Decorator and Metaclasses Documentation

Mike C. Fletcher mcfletch at rogers.com
Mon Aug 22 17:57:31 CEST 2005


bruno modulix wrote:

>Mike C. Fletcher wrote:
>(snip)
>  
>
>>Though the don't go into extreme detail on decorators (they are
>>basically syntactic sugar for a particular type of descriptor).
>>
>>    
>>
>Err... Could you elaborate on this ? Decorators are syntactic sugar for
>function wrapping, while descriptors are a 'protocol' to hook into
>attribute lookup, so I don't really see how one can describe the first
>in terms of the second...
>  
>
There are two major types of descriptors, the elven and the dwarven.

    * Elven descriptors are things like property, BasicProperty, VRML97
      fields, Zope Field Properties, or PEAK's mechanisms.  They mediate
      access to an instance's attributes, (both setting and getting of
      values) and are used primarily for domain modeling.
    * Dwarven descriptors are things like staticmethod or classmethod;
      function-like things that tend to look like a function and quack
      like a function, but have some special property or functionality
      attached when accessed as an attribute of a class/instance
      (functions themselves return instance methods or class methods
      depending on how they are retrieved).

As you'll read in the PyCon 2005 paper pointed to, the whole set 
basically grew out of a generalisation of what functions were already 
doing (conceptually).  Functions are, in short, the proto-descriptor.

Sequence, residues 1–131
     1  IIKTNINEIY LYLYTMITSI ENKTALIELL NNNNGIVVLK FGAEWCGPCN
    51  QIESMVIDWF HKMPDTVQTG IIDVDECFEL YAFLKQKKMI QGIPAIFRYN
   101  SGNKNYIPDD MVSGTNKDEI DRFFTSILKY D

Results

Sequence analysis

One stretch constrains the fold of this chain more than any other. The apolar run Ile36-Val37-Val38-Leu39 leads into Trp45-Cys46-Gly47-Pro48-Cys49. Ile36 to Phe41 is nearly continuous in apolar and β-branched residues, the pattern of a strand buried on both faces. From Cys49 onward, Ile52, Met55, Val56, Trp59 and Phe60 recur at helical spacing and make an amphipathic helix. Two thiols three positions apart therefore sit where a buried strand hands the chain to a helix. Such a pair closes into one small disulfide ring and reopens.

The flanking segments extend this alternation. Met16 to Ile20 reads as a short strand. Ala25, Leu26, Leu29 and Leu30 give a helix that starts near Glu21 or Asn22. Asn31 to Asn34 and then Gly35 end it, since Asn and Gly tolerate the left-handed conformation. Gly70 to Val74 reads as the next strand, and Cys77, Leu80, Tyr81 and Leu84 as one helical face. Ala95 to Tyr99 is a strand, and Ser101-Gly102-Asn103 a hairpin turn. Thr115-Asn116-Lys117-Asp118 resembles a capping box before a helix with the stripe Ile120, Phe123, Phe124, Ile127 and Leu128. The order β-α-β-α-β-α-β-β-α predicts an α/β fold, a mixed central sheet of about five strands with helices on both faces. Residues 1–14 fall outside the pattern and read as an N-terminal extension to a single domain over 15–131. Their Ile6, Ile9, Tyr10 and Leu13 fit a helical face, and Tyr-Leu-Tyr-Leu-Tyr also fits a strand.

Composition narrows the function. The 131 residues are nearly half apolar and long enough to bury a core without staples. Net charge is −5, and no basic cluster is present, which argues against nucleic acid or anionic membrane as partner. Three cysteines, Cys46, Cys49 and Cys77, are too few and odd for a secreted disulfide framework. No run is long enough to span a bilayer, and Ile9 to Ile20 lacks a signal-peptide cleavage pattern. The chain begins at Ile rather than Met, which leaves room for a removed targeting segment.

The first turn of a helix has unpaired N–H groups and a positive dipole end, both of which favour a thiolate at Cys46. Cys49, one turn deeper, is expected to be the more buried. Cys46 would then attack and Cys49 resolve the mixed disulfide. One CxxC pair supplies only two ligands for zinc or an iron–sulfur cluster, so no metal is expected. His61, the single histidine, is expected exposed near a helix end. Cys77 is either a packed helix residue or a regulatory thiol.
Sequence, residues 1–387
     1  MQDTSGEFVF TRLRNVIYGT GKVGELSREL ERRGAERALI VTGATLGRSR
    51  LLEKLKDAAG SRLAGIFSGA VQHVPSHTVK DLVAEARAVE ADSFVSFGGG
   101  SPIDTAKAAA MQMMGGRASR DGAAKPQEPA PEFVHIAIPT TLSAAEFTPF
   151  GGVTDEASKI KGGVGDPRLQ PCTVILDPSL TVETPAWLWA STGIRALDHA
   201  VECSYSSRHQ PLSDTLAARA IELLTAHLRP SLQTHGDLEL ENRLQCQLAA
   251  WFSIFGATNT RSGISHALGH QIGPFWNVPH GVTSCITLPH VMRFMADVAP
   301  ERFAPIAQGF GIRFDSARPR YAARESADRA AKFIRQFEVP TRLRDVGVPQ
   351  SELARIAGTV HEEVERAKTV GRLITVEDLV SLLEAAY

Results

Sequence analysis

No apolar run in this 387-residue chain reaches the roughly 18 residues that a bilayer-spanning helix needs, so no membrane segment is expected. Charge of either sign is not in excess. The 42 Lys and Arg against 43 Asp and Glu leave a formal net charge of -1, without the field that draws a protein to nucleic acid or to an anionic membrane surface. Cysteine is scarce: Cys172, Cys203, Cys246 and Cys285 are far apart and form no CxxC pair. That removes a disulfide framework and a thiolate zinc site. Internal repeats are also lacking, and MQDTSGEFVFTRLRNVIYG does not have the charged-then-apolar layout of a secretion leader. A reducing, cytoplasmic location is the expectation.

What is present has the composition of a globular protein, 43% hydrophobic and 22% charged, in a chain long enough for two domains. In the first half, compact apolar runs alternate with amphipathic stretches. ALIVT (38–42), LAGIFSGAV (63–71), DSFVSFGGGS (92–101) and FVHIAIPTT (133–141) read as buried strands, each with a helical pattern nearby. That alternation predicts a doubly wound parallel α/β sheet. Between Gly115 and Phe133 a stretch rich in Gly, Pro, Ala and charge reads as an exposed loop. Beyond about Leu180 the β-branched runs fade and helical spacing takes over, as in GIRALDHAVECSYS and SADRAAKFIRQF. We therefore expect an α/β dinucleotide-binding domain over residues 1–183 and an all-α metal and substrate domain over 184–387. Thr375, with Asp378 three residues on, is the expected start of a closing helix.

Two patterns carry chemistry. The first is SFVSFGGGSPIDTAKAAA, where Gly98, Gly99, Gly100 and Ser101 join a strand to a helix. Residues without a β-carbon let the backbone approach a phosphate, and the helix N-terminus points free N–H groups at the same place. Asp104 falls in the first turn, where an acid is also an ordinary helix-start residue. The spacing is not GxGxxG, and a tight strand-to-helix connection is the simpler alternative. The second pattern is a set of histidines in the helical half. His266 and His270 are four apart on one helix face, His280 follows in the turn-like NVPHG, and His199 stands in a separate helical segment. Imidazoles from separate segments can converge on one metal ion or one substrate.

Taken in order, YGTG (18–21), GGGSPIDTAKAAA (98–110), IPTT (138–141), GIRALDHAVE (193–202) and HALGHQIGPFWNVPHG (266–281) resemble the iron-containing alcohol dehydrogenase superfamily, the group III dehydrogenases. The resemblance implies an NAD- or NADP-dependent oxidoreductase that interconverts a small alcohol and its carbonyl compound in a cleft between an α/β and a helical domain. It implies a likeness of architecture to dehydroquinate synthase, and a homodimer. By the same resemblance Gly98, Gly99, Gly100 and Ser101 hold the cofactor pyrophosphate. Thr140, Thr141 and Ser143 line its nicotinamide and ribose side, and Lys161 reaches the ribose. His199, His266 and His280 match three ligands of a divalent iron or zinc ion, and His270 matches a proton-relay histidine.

That is, objects which control what result is returned by attribute 
access (e.g. an instance or unbound instance method).  Many (most?) 
dwarven descriptors are implemented as simple wrapper functions around 
the base function to use the function's already-present descriptor hooks.

Decorators are syntactic sugar for defining dwarven descriptors.  In 
Python 2.2 and 2.3 a dwarven descriptor was instantiated like this:

    def function( cls ):
        """Do something simple with the class"""
    function = classmethod( function )

in Python 2.4+, they can be instantiated like this:

    @classmethod
    def function( cls ):
        """Do something simple with the class"""

technically you *could* return something that's not a descriptor from 
the decorator (e.g. classmethod), but it's unlikely you'd do that very 
often.

HTH,
Mike

-- 
________________________________________________
  Mike C. Fletcher
  Designer, VR Plumber, Coder
  http://www.vrplumber.com
  http://blog.vrplumber.com




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